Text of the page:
the current sets in or out of a channel. In this form they are commonly used as sluicegates in Holland. Balance-gates. Bal′ance, Hydro-stat′ic. See specific-gravity balance. Bal′ance-lA two-masted vessel of Manilla. Bil′an-der. (Vessel.) A small two-masted vessel used in Holland, principally on the canals. Bil′bo. (Weapon.) 1. A flexible-bladed cutlass from Bilboae Mississippi in three spans, which have only one rival among arches, — a single-span bridge in Holland. The highest bridge in the world is the Verrugas Viaduct on the Lima and Oroya Railroad, in and is used for ornamental work, such as paper-hangings, and as a substitute for goldleaf. 6. Dutch foil reduced to a powder by grinding. 7. Verdigris, 8; tutty powder, 4; borax, 2; niter, 2; bto, aloes, or other coloring substances. h. The iron is painted with a gold-paint, so called; Dutch metal and varnish. i. The iron is painted green, and rubbed with bronze powder. I
together, and the water was then pumped out. Camels are in frequent use in Holland for floating vessels over the sands and bars. The length of one of these cameed with great difficulty, but in the year 1672 it was employed to get the whole Dutch fleet to sea. The camel of Bakker consisted of two half-ships built in such and to give the vessel greater stability under press of canvas. It is the old Dutch lee-board in a central position. A sliding-keel. Cen′ter-chis′el. A chisperiods of time. During the sixteenth and seventeenth centuries the Spanish, Dutch, French, and English governments had offered rewards for an instrument which sh being known at that time. — Diodorus Siculus (60 B. C.). Cranes. The old Dutch crane, which was also in use in England till the early part of the present centuse of foliated graphite for crucible making. About 1830 Mr. Dixon adopted the Dutch pipe-clay to mix with the Ceylon graphite. To ten pounds of ground graphite, s<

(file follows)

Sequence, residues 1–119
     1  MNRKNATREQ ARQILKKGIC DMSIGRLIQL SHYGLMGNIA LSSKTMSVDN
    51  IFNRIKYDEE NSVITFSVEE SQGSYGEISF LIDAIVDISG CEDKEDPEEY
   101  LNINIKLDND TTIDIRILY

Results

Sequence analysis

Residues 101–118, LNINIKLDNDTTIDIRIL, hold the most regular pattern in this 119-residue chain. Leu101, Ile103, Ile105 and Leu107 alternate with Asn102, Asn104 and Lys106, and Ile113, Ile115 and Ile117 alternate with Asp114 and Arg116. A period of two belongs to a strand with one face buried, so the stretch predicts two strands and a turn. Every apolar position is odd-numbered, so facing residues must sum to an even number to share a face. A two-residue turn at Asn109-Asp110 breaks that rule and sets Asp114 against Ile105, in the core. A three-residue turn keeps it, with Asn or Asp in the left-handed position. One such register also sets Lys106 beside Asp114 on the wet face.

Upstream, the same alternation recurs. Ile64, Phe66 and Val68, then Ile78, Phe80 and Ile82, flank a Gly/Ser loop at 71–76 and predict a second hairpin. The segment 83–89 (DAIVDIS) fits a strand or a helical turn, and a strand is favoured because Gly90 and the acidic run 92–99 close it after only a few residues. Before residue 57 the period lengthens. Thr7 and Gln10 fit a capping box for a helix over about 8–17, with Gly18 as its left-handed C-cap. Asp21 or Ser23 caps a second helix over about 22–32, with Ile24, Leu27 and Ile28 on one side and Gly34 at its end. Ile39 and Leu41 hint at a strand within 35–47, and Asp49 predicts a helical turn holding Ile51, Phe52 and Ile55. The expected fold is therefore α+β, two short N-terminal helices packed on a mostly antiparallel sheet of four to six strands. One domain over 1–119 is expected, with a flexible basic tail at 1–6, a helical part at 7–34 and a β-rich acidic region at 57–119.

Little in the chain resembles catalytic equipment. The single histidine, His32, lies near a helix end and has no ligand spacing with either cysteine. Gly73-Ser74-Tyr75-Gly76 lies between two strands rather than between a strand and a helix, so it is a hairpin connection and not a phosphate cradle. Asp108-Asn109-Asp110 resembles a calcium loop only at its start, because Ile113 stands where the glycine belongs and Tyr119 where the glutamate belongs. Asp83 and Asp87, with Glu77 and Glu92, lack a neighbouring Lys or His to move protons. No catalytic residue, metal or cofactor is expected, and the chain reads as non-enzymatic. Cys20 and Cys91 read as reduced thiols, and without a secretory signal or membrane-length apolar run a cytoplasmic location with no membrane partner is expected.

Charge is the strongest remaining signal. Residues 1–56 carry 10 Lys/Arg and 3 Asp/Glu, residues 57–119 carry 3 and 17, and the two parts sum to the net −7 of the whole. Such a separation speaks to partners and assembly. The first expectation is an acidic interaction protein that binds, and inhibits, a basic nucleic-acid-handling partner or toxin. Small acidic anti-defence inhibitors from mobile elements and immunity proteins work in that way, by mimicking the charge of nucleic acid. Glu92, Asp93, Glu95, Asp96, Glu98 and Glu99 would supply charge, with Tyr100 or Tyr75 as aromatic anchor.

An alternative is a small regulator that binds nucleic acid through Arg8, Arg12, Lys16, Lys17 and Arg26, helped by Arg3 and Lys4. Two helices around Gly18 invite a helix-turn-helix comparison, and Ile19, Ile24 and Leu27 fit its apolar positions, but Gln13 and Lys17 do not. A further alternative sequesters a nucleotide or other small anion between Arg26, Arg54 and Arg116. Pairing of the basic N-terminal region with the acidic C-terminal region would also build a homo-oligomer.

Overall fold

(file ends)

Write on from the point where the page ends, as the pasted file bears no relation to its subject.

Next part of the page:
h-water sealevel. The dikes in some parts of Holland are thirty feet above the ordinary level of t been generally adopted throughout France and Holland, and partially in England. It is considered e sand-banks which lie upon the sea-shores of Holland are called dunes; hence Dunchurch in England,e United States. The pumping-engines used in Holland at the Haarlem Mere are vertical double-cylin rolling. 1. The lifting-bridge is used in Holland upon the canals and in fortifications, in platch Clink′er. A yellow, hard brick made in Holland. Dutch foil. A copper alloy, rolled or Dutch foil. A copper alloy, rolled or hammered. See Dutch gold, called also Dutch leaf ; Dutch metal ; Dutch mineral. Dutch gold. made into the Dutch leaf used in bronzing. Dutch′ing. The process of removing the membraneouter of the quill, rendering it transparent. Dutch′man. (Carpentry.) A playful name for a bl A variegated or painted glazed tile made in Holland and formerly used for lining their capacious [2 more.